One of the biggest barriers faced by African American female survivors who choose to disclose their abuse is a hostile environment and a tendency towards justification, particularly when the alleged offender happens to be a man of influence. This workshop explores those barriers and provides strategies for service providers.
This training focuses on Rape Myths and how they support and perpetuate rape culture. Rape Myths are those theories and ideas that are created to explain, and thus erroneously provide comfort to individuals, on how and why rape and sexual assaults occur to a certain class or type of individual as opposed to others. Rape Myths provide a view of the world that is safe, orderly and explainable by allowing the blame for sexual assault to lie, primarily, with the victim and not with the offender. Rape Myths therefore make it difficult to hold individuals who offend accountable for their actions. This training explores several of the most prevalent rape myths and discuss how their continued prevalence in American culture leads to the high levels of child sexual abuse, sexual assault and rape in this United States, particularly among people of color.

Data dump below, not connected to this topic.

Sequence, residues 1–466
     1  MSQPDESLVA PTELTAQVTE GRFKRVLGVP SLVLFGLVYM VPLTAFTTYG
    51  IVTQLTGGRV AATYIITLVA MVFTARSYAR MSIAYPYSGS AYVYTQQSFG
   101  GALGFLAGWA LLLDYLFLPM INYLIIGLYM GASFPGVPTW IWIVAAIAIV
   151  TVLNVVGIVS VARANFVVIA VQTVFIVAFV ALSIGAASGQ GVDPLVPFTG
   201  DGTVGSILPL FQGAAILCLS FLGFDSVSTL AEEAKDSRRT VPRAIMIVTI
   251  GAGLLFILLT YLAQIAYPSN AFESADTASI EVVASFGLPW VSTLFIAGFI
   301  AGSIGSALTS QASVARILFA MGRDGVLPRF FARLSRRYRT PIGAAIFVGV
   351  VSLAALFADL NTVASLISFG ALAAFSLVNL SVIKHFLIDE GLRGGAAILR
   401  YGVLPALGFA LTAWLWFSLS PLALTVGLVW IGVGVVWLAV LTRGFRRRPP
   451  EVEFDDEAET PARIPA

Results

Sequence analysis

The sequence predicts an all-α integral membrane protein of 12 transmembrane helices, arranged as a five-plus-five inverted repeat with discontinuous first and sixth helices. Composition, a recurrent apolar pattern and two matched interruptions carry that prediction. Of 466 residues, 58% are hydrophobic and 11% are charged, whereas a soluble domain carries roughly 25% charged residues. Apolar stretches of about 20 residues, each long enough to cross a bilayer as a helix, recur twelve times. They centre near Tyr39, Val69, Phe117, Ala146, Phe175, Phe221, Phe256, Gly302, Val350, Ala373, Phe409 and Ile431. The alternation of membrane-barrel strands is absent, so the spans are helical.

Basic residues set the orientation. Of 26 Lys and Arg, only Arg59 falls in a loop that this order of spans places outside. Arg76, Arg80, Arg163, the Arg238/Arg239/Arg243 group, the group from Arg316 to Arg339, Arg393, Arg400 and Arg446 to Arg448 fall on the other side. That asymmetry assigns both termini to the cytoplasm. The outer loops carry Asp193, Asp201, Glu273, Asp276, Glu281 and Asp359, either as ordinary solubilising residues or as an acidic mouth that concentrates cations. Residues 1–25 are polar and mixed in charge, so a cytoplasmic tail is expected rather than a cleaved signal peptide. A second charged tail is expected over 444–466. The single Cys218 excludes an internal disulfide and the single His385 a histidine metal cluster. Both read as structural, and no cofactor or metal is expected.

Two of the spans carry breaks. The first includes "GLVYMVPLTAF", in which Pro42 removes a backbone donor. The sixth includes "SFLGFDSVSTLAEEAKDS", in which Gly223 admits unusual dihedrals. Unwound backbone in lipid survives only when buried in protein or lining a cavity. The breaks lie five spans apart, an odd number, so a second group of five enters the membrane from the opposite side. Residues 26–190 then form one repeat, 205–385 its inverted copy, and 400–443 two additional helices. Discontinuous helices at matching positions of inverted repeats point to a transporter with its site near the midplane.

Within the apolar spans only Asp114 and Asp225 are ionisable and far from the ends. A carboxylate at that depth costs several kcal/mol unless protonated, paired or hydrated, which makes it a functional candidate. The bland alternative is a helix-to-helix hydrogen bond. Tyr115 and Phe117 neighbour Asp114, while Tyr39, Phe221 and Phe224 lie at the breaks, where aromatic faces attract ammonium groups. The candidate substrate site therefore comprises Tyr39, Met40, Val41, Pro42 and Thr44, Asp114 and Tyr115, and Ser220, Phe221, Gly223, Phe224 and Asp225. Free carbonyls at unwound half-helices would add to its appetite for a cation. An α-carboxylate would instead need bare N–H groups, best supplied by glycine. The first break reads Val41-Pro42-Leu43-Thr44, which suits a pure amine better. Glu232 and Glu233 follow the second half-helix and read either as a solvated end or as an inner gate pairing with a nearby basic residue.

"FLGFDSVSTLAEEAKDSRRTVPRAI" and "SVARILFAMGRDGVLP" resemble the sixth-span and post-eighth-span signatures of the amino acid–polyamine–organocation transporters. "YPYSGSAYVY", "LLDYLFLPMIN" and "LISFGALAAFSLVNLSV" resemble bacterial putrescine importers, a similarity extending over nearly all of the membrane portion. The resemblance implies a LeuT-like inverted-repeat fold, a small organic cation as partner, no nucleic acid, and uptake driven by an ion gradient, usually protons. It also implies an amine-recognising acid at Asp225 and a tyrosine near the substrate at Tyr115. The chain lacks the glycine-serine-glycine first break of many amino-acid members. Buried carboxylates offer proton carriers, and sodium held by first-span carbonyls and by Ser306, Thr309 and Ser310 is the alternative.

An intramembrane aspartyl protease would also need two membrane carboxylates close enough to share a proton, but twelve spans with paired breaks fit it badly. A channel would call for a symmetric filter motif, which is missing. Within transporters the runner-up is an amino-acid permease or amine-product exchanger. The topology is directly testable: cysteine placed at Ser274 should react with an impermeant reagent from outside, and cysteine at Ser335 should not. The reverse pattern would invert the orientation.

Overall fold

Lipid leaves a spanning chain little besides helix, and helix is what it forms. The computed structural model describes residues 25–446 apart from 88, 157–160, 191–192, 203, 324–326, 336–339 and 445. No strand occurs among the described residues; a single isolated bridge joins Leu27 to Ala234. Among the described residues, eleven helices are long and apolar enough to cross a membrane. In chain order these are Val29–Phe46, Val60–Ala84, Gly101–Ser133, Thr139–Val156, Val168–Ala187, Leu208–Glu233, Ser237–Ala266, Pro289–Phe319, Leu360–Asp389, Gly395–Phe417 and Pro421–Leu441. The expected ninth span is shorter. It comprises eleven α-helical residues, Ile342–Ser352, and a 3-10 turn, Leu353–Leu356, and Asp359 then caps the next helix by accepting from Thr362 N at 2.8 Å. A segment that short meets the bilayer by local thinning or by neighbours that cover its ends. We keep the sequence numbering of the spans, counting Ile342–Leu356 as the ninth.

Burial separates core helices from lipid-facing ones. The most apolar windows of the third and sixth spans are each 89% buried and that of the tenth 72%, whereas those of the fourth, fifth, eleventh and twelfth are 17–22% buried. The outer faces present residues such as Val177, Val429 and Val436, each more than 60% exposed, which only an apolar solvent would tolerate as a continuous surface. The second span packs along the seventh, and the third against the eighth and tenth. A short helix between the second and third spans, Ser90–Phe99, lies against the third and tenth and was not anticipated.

- Understand how rape myths support and perpetuate rape culture and therefore make it difficult to hold individuals who offend accountable for their actions; Understand the role that a history of slavery, racism and prejudice has had on African American victims and their disclosure rates;
- Understand that sexual violence and abuse occurs as a pattern of coercive and controlling behavior by the offender and Identify strategies for recognizing when consent is given freely in a healthy relationship (i.e., neither party was under the influence, parity between partners);
- Describe the role men have in promoting a community that is safe from sexual violence and abuse. To explore how rape myth acceptance might negatively impact on the work participants engage in with clients. To give participants an opportunity to identify and challenge their own rape myths. To provide a basic working model of trauma and survival reactions and to who show how those rape trauma reactions might feed into rape myths. To enable participants to understand how their reactions may have the negative effect of further shaming clients who have been abused.